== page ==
Wisniewski was a top-rate interior lineman who blocked for the likes of Bo Jackson, Marcus Allen, Kenny King, Harvey Williams, Tyrone Wheatley, Napoleon Kaufman, and Charlie Garner.
These are some of the top running backs in Raiders franchise history. They wouldn’t have gained significant career yardage had it not been for Steve Wisniewski.
Wisniewski admired his former Raiders teammates Matt Millen, Howie Long, Jeff Hostetler, Don Mosebar, and Bo Jackson the most.
He lauded these men for their strength, character, and conviction.
“From early on I sought to model my career, my actions on the field, and my style of leadership after these guys,” he wrote in his book Hand on the Line: Challenging Men to Follow God’s Call.
Wisniewski also expressed his disappointment in his book about not winning a Super Bowl title with the Raiders organization.
Whenever Wisniewski wrote pre-game notes on the handouts the coaches gave out, he typically included quotes from the Bible.
One of his favorites is Psalm 28:7 which reads:
“The Lord protects and defends me; I trust in him.”
He also loves Psalm 91:2 which reads:
“You are my defender and protector. You are my God; in you I trust.”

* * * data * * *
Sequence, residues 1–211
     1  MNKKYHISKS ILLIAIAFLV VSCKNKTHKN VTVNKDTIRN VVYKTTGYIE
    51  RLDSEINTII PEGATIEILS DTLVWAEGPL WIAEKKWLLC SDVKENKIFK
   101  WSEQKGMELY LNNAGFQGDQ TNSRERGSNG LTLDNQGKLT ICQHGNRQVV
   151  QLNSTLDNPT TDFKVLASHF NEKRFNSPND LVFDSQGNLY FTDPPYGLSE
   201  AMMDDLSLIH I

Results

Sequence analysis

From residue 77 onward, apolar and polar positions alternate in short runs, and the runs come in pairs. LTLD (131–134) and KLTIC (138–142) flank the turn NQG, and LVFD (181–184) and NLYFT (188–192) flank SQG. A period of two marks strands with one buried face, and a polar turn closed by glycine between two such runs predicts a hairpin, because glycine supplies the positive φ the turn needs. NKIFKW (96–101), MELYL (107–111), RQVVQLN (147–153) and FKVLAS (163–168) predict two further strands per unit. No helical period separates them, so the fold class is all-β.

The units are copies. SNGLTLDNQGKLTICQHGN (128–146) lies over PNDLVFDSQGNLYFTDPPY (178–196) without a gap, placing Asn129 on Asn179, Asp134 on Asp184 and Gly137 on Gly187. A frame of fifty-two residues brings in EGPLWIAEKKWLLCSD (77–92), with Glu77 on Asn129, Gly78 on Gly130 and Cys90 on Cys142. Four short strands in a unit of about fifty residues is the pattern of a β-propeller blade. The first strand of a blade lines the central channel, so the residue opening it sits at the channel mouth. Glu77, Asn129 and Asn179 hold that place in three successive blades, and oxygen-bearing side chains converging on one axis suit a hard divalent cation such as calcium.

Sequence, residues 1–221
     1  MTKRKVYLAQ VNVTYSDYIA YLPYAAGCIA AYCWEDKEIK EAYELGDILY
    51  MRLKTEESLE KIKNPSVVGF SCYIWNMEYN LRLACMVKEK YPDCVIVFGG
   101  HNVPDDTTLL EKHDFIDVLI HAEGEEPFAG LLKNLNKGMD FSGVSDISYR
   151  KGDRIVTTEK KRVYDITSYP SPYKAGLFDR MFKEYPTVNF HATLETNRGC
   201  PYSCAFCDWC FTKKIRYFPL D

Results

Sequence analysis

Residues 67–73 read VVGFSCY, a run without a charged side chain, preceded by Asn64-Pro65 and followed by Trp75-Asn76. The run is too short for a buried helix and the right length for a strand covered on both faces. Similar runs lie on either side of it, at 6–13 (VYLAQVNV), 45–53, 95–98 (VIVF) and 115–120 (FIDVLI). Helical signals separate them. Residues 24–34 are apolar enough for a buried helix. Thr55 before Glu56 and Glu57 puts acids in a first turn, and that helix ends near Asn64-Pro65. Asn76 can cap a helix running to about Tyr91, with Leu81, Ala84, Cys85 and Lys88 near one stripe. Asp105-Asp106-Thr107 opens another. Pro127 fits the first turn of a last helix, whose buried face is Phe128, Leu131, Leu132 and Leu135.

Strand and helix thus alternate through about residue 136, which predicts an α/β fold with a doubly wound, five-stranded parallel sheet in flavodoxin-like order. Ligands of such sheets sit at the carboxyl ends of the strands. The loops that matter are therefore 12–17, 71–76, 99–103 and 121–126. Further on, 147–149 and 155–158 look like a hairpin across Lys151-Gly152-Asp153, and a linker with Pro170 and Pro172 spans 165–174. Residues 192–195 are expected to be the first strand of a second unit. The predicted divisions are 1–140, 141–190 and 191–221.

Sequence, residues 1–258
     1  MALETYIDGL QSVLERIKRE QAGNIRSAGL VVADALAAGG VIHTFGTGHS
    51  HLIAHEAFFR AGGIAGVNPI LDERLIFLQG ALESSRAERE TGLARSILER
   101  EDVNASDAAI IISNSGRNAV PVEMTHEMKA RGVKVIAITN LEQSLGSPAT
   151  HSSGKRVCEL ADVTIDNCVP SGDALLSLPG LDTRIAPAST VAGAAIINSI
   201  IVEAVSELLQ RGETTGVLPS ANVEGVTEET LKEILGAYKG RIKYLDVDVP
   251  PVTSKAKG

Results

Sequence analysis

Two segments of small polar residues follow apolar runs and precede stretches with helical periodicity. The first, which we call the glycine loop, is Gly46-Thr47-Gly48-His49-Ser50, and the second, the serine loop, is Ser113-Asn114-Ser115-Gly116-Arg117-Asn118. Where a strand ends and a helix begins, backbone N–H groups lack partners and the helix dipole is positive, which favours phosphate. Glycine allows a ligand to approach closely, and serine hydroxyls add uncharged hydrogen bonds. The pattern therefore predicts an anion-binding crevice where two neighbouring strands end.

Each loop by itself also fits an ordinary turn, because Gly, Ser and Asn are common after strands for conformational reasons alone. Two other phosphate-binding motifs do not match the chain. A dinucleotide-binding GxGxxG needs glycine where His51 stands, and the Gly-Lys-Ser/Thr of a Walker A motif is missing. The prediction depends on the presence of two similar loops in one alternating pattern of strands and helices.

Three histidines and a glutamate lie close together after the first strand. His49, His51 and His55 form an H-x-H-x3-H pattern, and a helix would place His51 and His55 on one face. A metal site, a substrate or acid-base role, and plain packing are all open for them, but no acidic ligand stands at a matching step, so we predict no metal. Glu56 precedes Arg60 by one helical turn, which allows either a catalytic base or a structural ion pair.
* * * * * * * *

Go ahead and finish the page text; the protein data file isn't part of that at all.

Wisniewski and his family have resided in the Bay Area since 1995 – the year the Raiders relocated to Oakland.
He became a member of National Polish-American Sports Hall of Fame on June 10, 2004.
The Raiders hired Wisniewski as an assistant offensive line coach in 2011. Wisniewski served as the Stanford Cardinal’s strength and conditioning intern the year before.
Wisniewski was thrilled for his nephew Stefen when the Raiders made him the 48th overall selection of the 2011 NFL Draft.
Both uncle and nephew share the same Penn State and Oakland Raiders background. They worked on offensive linemen drills while Stefen was on vacation in his formative years.
The older Wisniewski told ESPN’s Bill Williamson in June 2011 he never asked the Raiders to draft Stefen. He said the team knew all about his nephew’s upside and its desire to draft him.
Steve Wisniewski was thrilled for Stefen when he played for the eventual champions Philadelphia Eagles in Super Bowl LII in 2018.
“I have no wisdom to give him,” Wisniewski told SFGate.com’s Matt Kawahara. “But I’m just absolutely thrilled for Stefen.”
Wisniewski is currently a licensed minister who shares his faith in the Northern California area, per The Las Vegas Review-Journal.
He has served as a pastor at The Well, a non-denominational church in Danville, CA his former Raiders teammate Napoleon Kaufman founded.
His nephew Stefen followed in his footsteps when he announced his retirement from the NFL in August 2021 to become a pastor.
Steve Wisniewski told PolishSportsHOF.com in 2004 things are going well for him and he doesn’t miss playing on the gridiron.
He has continued attending Raiders games and talking to some of their active players in his retirement years.